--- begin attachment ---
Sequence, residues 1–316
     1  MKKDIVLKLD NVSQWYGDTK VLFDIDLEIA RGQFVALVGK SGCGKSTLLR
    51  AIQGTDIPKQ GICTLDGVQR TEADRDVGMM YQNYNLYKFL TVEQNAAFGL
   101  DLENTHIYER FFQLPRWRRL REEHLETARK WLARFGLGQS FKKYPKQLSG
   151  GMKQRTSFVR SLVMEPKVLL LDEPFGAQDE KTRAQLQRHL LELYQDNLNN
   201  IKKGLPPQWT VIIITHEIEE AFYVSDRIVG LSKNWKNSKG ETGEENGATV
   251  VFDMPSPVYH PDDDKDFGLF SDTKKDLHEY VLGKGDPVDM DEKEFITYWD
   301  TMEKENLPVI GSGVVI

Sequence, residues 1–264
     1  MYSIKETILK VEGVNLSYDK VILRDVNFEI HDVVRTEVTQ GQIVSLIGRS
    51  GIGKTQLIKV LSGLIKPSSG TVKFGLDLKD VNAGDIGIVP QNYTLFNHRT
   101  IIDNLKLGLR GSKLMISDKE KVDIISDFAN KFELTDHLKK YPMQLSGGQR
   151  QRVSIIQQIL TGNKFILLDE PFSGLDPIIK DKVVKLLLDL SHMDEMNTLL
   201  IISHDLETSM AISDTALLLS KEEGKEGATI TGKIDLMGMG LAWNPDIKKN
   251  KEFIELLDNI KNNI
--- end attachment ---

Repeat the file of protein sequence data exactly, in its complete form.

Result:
Sequence, residues 1–316
     1  MKKDIVLKLD NVSQWYGDTK VLFDIDLEIA RGQFVALVGK SGCGKSTLLR
    51  AIQGTDIPKQ GICTLDGVQR TEADRDVGMM YQNYNLYKFL TVEQNAAFGL
   101  DLENTHIYER FFQLPRWRRL REEHLETARK WLARFGLGQS FKKYPKQLSG
   151  GMKQRTSFVR SLVMEPKVLL LDEPFGAQDE KTRAQLQRHL LELYQDNLNN
   201  IKKGLPPQWT VIIITHEIEE AFYVSDRIVG LSKNWKNSKG ETGEENGATV
   251  VFDMPSPVYH PDDDKDFGLF SDTKKDLHEY VLGKGDPVDM DEKEFITYWD
   301  TMEKENLPVI GSGVVI

Sequence, residues 1–264
     1  MYSIKETILK VEGVNLSYDK VILRDVNFEI HDVVRTEVTQ GQIVSLIGRS
    51  GIGKTQLIKV LSGLIKPSSG TVKFGLDLKD VNAGDIGIVP QNYTLFNHRT
   101  IIDNLKLGLR GSKLMISDKE KVDIISDFAN KFELTDHLKK YPMQLSGGQR
   151  QRVSIIQQIL TGNKFILLDE PFSGLDPIIK DKVVKLLLDL SHMDEMNTLL
   201  IISHDLETSM AISDTALLLS KEEGKEGATI TGKIDLMGMG LAWNPDIKKN
   251  KEFIELLDNI KNNI